Speaker Warren Stephens
At the front of the room stood Professor of Finance Thomas Goho, not much older than the students who stared back at him. As the professor welcomed in a new semester, the graduate student realized he would not sleep a wink in Dr. Goho’s class.
“Tom had a booming voice,” remembers Warren Stephens (MBA ’81), president and CEO of Stephens, Inc., his family’s full service investment bank. “Even in the back row, we went ‘wow!’ We learned so much in the class. It didn’t even seem like we were learning. It was fun; we were having a good time.”
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That was the fall of 1979, and the first time that Stephens and Goho met. More than three and a half decades have passed since then, and still, the relationship between the two remains strong. They reconnected in Farrell Hall on an afternoon in late March 2016, and there, they laughed about memories that have shaped their friendship.
The summer between the first and second year of graduate school, Stephens, Goho and a group of business students traveled to Worrell House in London. During that trip, the cohort visited the London Stock Exchange, various corporations, including Mobil headquarters, and engaged with case studies. Then, they traveled to Copenhagen for more classes. In Copenhagen, the Wake Forest group stayed at a newly opened youth hostel.
“They had really exquisite paper sheets,” remarked a sarcastic Goho.
“It was a nice facility, but now that you bring it up, it didn’t have any hot water,” chuckled Stephens.
“If you were up at 4 a.m. there was. I wasn’t; I heard rumors,” joked Goho.
The two laughed about the experience and recalled that though the memories of the youth hostel were vivid, they were given several projects to work on at Novo Nordisk, the prominent pharmaceutical company, and were able to test their business skills.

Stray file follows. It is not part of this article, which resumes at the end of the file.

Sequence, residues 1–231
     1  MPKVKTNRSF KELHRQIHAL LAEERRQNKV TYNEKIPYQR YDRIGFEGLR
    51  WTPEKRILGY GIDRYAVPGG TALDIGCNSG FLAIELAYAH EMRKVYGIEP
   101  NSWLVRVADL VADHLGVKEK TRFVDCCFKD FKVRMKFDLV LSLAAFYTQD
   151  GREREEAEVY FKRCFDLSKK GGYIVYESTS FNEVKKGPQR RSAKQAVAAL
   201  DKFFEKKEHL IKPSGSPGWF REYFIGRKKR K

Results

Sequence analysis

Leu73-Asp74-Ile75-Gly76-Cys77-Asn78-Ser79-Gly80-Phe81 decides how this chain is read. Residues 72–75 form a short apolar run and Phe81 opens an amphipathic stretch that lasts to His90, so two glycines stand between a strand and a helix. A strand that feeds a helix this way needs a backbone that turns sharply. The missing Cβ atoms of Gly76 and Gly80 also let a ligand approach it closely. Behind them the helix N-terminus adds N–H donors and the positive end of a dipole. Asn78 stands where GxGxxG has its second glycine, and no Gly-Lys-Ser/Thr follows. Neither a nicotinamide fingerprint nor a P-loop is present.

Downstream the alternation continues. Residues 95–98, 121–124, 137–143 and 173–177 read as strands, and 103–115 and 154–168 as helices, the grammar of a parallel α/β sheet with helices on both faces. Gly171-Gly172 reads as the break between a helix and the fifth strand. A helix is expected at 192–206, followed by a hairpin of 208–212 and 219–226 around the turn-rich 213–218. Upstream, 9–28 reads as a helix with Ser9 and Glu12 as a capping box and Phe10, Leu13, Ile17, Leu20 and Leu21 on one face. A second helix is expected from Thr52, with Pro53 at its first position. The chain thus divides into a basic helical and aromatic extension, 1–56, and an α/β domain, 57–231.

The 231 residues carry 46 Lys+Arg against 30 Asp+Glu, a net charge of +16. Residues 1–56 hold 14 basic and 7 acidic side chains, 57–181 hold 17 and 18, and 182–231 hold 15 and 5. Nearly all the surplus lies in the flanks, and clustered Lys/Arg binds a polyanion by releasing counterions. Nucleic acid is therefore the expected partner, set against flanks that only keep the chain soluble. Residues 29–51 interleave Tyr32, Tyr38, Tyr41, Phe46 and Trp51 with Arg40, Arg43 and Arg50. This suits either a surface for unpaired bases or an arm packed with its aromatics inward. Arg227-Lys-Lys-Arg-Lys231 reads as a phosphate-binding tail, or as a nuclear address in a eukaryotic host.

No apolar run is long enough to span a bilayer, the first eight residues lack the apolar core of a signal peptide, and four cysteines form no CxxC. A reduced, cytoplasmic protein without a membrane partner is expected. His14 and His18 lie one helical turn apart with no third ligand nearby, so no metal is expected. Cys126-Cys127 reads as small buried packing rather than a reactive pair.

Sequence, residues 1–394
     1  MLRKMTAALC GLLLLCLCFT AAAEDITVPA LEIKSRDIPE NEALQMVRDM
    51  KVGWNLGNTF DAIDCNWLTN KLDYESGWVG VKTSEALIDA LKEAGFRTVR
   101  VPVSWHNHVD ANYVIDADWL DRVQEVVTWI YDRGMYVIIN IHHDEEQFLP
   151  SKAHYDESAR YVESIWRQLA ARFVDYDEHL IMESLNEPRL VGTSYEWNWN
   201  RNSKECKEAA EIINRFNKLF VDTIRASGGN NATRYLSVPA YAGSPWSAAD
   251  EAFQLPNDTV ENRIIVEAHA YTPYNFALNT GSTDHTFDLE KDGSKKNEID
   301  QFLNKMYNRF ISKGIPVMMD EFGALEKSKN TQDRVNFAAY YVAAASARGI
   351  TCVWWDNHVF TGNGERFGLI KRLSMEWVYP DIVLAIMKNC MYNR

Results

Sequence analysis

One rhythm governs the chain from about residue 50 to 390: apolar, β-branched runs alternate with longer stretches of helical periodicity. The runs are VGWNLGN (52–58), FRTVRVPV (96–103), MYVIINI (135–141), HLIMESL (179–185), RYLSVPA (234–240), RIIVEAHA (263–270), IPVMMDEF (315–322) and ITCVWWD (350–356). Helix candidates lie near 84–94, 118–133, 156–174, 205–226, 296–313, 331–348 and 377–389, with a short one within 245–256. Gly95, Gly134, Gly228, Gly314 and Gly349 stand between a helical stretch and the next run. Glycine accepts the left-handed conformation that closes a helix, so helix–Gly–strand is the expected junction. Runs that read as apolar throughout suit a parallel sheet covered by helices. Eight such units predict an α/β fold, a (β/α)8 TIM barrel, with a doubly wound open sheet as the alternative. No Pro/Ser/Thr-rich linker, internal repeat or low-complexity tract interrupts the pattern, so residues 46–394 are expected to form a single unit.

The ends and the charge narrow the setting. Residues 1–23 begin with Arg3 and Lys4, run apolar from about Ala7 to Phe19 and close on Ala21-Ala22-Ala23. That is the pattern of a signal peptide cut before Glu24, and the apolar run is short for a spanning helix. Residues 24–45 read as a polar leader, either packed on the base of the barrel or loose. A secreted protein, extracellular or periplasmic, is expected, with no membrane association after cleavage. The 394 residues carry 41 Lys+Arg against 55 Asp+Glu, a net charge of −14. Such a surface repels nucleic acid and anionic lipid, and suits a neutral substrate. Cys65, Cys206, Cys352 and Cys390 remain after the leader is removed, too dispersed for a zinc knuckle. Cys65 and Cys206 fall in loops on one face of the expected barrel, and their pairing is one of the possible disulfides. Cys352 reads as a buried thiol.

As Stephens worked his way through the MBA program and etched out his philosophy on business, he often consulted with Goho. It was near the end of Stephens’ time at Wake Forest that he went to Goho with more than a question about economics. With graduation in view, Stephens had interviews with several companies. After his interviews, he consulted with his professor about his plans.
“Tom asked me, ‘Where do you see yourself in five years?’” remembers Stephens. “I told him that I probably saw myself back at Stephens. He told me, ‘Well, Warren, if that’s what you see, you ought to go ahead and go to work there. You’ll learn so much more from your father and uncle. You’ll be exposed to so many more bigger picture things than starting somewhere else. That’s what you ought to do.’”
Stephens wondered about the people who would say he had only worked at his family's business.
“Tom told me, ‘You’ll never satisfy those people anyway, so don’t worry about it,’” revealed Stephens. “I took his advice, and it was great advice. It was obviously good for me, but it was great for my dad and me. I was able to spend time with my uncle; I got to work with him and be around him in the workplace for 10 years. It really was the best advice I’ve ever gotten.”
When Stephens first started at his family’s firm, he called Goho every now and then for a refresher on a topic or a certain type of report. Eventually, the questions became fewer and fewer, and on those phone calls, Stephens updated Goho on what was happening in the world of finance.
“I was learning a lot. Early on, I was clarifying things, and later on, I learned an enormous amount from Warren.”
Throughout the years, the two haven’t simply kept in touch; they’ve continued working together. They created Stephens University, a continuing education program for employees of Stephens, Inc., taught by business experts and Wake Forest business faculty members, like Dr. Ajay Patel, area chair and Thomas S. Goho Chair in Finance. Goho has served on various boards that collaborate with Stephens, Inc.
And when Goho retired from the faculty at Wake Forest in 2007, Stephens offered him a proposal: Come work for me. And Goho did. As chief economist, Goho writes and offers his perspective in developing Stephens, Inc.’s formalized economic point of view.
For 37 years, these two men have taught and learned from one another; they have shared experiences, laughs and perspectives; each has had a lifelong influence on the other.
“He might not recognize it this way, but Warren’s been a mentor to me over the years,” commented the professor.
“I’ve been fortunate to have a lot of great teachers and professors, and Tom’s the best professor I ever had,” remarked Stephens.
When Stephens entered that first-year finance course, he hoped what he learned there would stay with him long after graduation. He never imagined the professor would, too.